#git-diff #diff #git #git-config #env-var

app riffdiff

A diff filter highlighting changed line parts

31 stable releases

3.1.0 Mar 18, 2024
2.32.0 Feb 14, 2024
2.27.1 Nov 13, 2023
2.23.3 May 8, 2023
2.18.0 Jul 21, 2022

#3 in #env-var

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427 downloads per month

MIT license

3.5K SLoC

Riff, the Refining Diff

Riff is a wrapper around diff that highlights which parts of lines have changed.

Screenshot of riff in action

Much like git, Riff sends its output to a pager, trying these in order:

  1. Whatever is specified in the $PAGER environment variable
  2. moar because it is nice
  3. less because it is ubiquitous


git diff | riff

Or if you do...

git config --global pager.diff riff
git config --global pager.show riff
git config --global pager.log riff
git config --global interactive.diffFilter "riff --color=on"

... then all future git diff, git show and git log --patch output will be refined.

Or you can use riff as an alias for diff:

riff file1.txt file2.txt


You can configure riff by setting the RIFF environment variable to one or more (space separated) command line options.

For example, set RIFF=--no-adds-only-special to disable adds-only special highlighting.


With Homebrew

brew install riff

With Archlinux User Repository (AUR)

paru -S riffdiff

From the Rust Crate

cargo install riffdiff

Manual Install

  1. Go here and download the correct binary for your platform

    • If no binary exists for your platform, please report it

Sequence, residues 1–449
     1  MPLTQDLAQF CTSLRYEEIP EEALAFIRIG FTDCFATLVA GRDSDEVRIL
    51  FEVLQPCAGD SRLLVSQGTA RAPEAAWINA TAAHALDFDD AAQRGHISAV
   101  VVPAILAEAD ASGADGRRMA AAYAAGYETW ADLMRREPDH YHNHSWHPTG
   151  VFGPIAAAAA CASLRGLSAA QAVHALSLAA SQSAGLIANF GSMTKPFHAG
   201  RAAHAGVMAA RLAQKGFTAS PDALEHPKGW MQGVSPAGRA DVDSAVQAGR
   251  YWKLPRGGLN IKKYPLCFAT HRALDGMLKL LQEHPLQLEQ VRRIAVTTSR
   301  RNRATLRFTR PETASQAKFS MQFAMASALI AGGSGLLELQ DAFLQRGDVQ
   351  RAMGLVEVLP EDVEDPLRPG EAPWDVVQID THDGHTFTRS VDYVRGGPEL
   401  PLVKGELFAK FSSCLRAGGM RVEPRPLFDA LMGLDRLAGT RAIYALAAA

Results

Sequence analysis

2. chmod a+x riff-*

  3. mv riff-* /usr/local/bin/riff

  4. Optionally followed by this to have riff highlight git output by default:

git config --global pager.diff riff
git config --global pager.show riff
git config --global pager.log riff
git config --global interactive.diffFilter "riff --color=on"

See Also

This VSCode extension for improved Git commit message editing is nice. Yes, I wrote it and I'm tooting my own horn here.

Good choice if you (like me!) are using VSCode for Git commit message editing.

More Features

riff can highlight conflict markers created by git:

Screenshot of riff highlighting conflict markers

riff highlighting a git merge commits highlighting

Screenshot of riff highlighting merge commits


If you put example input and output in the testdata directory, then cargo test will verify that they match.

Invoke ci.sh to run the same thing as CI.

Invoke benchmark.py to get numbers for how fast your current source code is versus earlier releases.

Invoke git log -p | cargo run -- to demo highlighting.

Making a new release

Just invoke ./release.sh and follow instructions.

If you want to test the release script without actually releasing anything, do:

./release.sh --dry



  • Render ESC characters in the diff as Unicode ␛
  • --help: Only print installing-into-$PATH help if we aren't already being executed from inside of the $PATH
  • Do git show 57f27da and think about what rule we should use to get the REVERSE vs reversed() lines highlighted.
  • Add test for never changing the number of lines in the input, that messes up git add -p behavior.
  • Think about how to visualize an added line break together with some indentation on the following line.
  • Make sure we highlight the output of git show --stat properly
  • Make sure we can handle a git conflict resolution diff. File format is described at http://git-scm.com/docs/git-diff#_combined_diff_format.
  • Given three files on the command line, we should pass them and any options on to diff3 and highlight the result

TODO future

  • Detect moved blocks and use a number as a prefix for both the add and the remove part of the move. Highlight any changes just like for other changes.


  • Make a main program that can read input from stdin and print it to stdout.
  • Make the main program identify different kinds of lines by prefix and color them accordingly. Use the same color scheme as git.
  • Make the main program identify blocks of lines that have been replaced by another block of lines.
  • Make the Refiner not highlight anything if either old or new is empty